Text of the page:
A Ramble with Mark Thomas

Political comedian Mark Thomas walks us through his latest method of grassroots activism.

Feature by James McColl | 04 Apr 2016

Fondly referred to as a ‘general rabble-rouser’ by the Metropolitan Police, Mark Thomas seems adamant to live up to the name.

His activism has taken him on some pretty amazing journeys, from walking the Israeli Separation Barrier to flash mobbing an Apple shop in protest against the company's tax avoidance. For some, it might be surprising that he’s found time to undertake a new show, but while talking it is clear that his passion for political engagement and performing has not wavered. His most recent shows are theatre performances, mixed with the stand-up, activism and journalism which he's well known for. His latest offering, Trespass, arrives in Glasgow this month and continues the trend.

Like most of his work, it is hard to distinguish the show from this activism, which seems to suit him just fine. At a time when the government has sold off the majority of our communal spaces, Trespass sets out to carve a small space in the urban world where mischief and random chance lurk. In order to do so Thomas draws on a seemingly odd weapon of choice: rambling.

“I’ve always been rambling,” he says, and you can hear the grin form on his face. “My house is full of old maps. It’s just a beautiful thing – even in London there are these amazing walks you can do, it’s not just down in the countryside. Me and my mates, we had this really weird one where we went up to the Kinder Scout – up to the peak district.”

Mark Thomas on the politics of rambling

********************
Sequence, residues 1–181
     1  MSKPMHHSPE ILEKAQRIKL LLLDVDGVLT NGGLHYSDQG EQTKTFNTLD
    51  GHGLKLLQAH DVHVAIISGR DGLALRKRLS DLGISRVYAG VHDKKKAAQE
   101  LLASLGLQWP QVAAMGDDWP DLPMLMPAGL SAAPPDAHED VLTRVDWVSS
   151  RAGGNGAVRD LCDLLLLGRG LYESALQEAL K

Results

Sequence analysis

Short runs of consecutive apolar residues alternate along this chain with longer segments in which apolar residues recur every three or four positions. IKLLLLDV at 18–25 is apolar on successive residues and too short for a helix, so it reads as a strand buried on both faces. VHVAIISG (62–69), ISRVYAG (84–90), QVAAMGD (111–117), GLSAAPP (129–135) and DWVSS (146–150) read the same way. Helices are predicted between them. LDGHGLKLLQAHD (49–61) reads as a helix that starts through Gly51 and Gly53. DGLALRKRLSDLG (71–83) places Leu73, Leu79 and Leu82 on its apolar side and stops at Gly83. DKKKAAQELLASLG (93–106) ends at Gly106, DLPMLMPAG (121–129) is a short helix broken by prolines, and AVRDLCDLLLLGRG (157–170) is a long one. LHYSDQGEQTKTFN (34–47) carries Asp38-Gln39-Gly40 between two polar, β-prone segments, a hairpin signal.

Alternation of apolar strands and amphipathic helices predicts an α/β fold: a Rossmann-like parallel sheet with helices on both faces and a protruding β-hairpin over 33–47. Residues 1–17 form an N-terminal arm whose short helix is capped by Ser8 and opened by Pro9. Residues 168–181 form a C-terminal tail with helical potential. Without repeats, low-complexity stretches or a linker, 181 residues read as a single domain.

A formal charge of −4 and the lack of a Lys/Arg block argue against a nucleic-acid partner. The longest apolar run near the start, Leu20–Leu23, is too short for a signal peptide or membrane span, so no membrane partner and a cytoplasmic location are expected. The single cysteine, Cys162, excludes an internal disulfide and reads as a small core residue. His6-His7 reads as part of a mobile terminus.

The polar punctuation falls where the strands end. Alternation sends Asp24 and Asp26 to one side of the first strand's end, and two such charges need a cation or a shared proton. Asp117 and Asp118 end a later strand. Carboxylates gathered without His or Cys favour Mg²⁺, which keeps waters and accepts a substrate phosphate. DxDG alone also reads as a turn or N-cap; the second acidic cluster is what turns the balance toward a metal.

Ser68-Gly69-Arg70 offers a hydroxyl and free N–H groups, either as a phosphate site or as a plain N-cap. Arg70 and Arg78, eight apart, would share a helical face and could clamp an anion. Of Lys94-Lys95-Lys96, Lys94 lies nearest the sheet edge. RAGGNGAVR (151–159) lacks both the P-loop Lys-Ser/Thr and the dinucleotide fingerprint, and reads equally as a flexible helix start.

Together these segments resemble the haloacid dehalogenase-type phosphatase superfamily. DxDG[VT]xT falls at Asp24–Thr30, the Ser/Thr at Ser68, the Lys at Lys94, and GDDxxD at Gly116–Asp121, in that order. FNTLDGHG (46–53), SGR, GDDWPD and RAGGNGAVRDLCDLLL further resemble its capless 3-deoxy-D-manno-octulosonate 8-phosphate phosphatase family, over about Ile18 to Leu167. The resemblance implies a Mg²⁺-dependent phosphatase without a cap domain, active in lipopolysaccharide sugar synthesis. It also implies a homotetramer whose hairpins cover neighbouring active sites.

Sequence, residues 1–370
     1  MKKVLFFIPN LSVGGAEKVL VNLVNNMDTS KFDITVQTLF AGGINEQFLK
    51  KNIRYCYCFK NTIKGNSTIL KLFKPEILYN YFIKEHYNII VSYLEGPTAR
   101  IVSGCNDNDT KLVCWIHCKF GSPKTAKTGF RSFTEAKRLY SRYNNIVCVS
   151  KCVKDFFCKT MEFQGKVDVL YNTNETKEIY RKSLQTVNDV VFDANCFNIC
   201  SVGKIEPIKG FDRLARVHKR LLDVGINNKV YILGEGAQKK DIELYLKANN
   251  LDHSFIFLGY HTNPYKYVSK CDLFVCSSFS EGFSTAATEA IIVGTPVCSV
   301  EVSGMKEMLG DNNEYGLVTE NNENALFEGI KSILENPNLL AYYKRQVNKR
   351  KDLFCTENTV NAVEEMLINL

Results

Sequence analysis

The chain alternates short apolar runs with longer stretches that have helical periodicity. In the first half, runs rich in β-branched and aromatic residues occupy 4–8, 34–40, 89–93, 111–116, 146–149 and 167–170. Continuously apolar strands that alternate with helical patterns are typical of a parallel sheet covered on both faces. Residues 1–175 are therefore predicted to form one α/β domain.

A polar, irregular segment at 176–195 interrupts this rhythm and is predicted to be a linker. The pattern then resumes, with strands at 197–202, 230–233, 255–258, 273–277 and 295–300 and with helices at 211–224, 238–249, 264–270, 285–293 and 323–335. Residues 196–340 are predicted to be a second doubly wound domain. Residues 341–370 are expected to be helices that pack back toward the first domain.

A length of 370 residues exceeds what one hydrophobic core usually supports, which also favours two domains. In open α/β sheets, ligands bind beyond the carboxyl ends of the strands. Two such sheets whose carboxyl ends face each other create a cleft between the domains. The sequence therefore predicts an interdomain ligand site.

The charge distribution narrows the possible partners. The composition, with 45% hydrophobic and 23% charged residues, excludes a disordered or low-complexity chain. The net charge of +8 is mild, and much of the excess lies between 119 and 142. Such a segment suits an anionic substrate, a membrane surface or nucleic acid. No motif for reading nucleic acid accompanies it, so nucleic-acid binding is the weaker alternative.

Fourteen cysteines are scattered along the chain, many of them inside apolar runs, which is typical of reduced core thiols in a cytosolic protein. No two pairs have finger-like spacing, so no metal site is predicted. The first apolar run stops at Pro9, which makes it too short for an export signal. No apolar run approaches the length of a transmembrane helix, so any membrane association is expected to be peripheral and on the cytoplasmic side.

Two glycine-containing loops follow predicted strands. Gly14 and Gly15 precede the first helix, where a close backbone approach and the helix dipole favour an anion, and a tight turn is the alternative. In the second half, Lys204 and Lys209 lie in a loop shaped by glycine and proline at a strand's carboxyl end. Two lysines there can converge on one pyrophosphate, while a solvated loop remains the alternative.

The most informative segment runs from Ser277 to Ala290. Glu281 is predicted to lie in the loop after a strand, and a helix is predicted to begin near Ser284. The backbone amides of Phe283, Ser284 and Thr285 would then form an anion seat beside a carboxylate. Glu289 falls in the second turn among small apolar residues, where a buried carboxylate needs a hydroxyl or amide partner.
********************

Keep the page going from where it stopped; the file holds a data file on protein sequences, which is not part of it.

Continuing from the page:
The mass trespass of Kinder Scout, it transpires, was one of the most notable acts of initial trespass undertaken by ramblers in 1932, which suitably serves as the inspiration for Thomas's new show.

“We were at the top of a waterfall,” he explains, “and it was flying back in our faces and we all just went, 'Fuck – we don’t belong here.' It’s a weird feeling of being alienated... All sorts of writers talk about the alienation of people in cities when actually cities are where I feel most at home. It’s often the countryside where I feel alienated. I feel like I’m photobombing nature.”

Most people wouldn’t consider rambling as a political practice, yet it seems the perfect activity to reclaim these lost spaces in our inner cities. “I think we are on the verge of forming an 'urban ramblers'. That is going to be really interesting as it means we are going to be fighting for rights of way, for access and for public space.”

Much like the fight for public access in the countryside, there seems to be a fight for public access and public land in the city.

“Well it’s not just public access,” he says. “Do you want the right to just walk along a barbed wire corridor through someone else’s land? No. That’s not access, that’s being shuffled through. Quite often if you get out in the countryside and you actually go walking, some of the routes we’ve got – some of the rights of way – are these awful barbwire corridors, and it’s just crap. It’s about feeling a belonging to a place; thinking it’s ours; having a space and being able to use the space; being able to experiment and create in it. That’s not a wishy-washy thing, that’s a real thing, that sense of belonging.